Imagine you leave your smartphone in a hotel room for half an hour.

Screenlock is on. Latest security updates are installed.

How could somebody steal your data from the device given enough expertise is given? (being realistic though)


  • files
  • passwords saved in browser
  • clipboard memory
  • address book and call data
  • biometric data i.e. fingerprint data

This scenario does not consider stealing data stored on the SIM card (assuming the screen lock is not saved in an unencrypted plain text string there irony)

  • 1
    I think this is too broad. It's possible depending on who the hacker is. Usually it takes a good bit of expertise to do so, but it is certainly possible. As for fingerprints... well you leave that on the surface of the phone.
    – forest
    Commented Dec 5, 2018 at 11:16

4 Answers 4


This depends on the implementation and configuration of your smart phone, but smart phones can be pretty secure. In the FBI–Apple encryption dispute, the FBI took more than a month and spend more than one million dollars to access the data on an iPhone.

  • The FBI is far from the most technically-capable organization out there.
    – forest
    Commented Dec 6, 2018 at 2:05

without specifying what device and OS there is no way to say with certainty what is possible.

However in general be aware that the following is possible for a state-level attacker with physical access to your device. (this list is not exhaustive)

  • Attach a "Listener" device to it, this could be inside the device clipped to datelines / IC.
  • Install software through the exposed USB port. Any software!
  • Replace your device with a duplicated device that has all the listening stuff in it.
  • Extract a Memory dump from the device to analyze later.

The SIM card is actually one of the parts that are 'safe' from manipulating if a password besides 0000 is set. It is a tamper resistant smart card that actually stores the keys needed to encrypt your phone communication (excluding WIFI/Bluetooth and Wired) It is far easier to request a duplicate SIM from the issuer than to extract any (meaningful) data from the SIM card itself.


Many people claim that certain nation states bug foreigners' hotel rooms

Here is how I would compromise that phone.

  1. Install covert CCTV in the rooms. Foreigners are sometimes limited to specific hotels and CCTV is cheap
  2. Watch, watch, watch. Wait, wait, wait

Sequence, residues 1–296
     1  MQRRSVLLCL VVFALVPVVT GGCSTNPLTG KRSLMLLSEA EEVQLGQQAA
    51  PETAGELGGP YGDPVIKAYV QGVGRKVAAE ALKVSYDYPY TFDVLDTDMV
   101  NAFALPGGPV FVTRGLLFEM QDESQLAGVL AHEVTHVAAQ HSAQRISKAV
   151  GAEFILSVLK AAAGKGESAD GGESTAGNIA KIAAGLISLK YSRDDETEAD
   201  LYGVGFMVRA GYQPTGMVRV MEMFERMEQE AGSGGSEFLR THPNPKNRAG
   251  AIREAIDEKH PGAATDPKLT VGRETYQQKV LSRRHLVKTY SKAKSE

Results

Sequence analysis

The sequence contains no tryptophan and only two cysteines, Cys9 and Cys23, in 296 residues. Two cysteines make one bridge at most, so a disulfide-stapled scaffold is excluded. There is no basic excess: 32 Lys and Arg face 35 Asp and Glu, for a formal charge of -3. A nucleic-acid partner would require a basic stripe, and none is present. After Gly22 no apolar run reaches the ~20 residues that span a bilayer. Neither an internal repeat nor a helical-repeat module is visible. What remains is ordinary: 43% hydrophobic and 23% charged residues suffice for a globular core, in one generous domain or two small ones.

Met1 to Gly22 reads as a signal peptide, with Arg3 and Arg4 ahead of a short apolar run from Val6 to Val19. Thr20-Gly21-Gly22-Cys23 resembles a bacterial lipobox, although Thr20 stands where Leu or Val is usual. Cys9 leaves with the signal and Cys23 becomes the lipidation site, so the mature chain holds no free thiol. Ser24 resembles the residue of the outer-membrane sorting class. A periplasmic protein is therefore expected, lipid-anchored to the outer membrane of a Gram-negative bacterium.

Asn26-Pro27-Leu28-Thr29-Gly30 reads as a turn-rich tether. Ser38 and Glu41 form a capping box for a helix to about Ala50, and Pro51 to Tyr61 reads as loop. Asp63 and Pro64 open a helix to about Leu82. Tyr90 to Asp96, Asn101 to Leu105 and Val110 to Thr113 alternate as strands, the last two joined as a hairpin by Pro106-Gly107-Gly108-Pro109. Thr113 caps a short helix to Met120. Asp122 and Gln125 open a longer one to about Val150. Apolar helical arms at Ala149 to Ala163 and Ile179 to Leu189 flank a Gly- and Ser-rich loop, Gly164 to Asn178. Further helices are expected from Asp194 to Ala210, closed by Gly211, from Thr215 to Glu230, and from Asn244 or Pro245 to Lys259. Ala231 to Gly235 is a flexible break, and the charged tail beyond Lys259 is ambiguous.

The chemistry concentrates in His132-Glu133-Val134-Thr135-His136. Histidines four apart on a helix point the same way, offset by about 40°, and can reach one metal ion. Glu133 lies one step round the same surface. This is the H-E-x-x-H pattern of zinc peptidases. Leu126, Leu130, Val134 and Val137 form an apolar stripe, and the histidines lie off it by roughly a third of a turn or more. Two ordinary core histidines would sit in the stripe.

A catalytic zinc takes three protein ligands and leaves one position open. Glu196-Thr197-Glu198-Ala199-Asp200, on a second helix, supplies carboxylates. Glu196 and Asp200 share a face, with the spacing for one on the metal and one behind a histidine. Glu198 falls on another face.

3. Once you have seen the user put in their code you can take the phone. Or take it at the airport. "customs check my friend"

To force someone to use the PIN rather than biometrics, replace the phone with an exact copy so the victim is forced to try everything they can to get in. Admittedly getting an exact copy is going to be a task.

  • This scenario is outside the stated threats.
    – schroeder
    Commented Aug 30, 2019 at 8:23

I was only reading about this a few days ago, and it would appear that if your smartphone is android based, and has a qualcomm chipset then several vulnerabilities allow remote compromise over the air.

The vulnerabilities in question are:

CVE-2019-10539 (Compromising WLAN) — The first flaw is a buffer overflow issue that resides in the Qualcomm WLAN firmware due to lack of length check when parsing the extended cap IE header length.

CVE-2019-10540 (WLAN into Modem issue) — The second issue is also a buffer-overflow flaw that also resides in the Qualcomm WLAN firmware and affects its neighborhood area network (NAN) function due to lack of check of count value received in NAN availability attribute.

CVE-2019-10538 (Modem into Linux Kernel issue) — The third issue lies in Qualcomm's Linux kernel driver for Android that can be exploited by subsequently sending malicious inputs from the Wi-Fi chipset to overwrite parts of Linux kernel running the device's main Android operating system.

Once compromised, the kernel gives attackers full system access, including the ability to install rootkits, extract sensitive information, and perform other malicious actions, all while evading detection.

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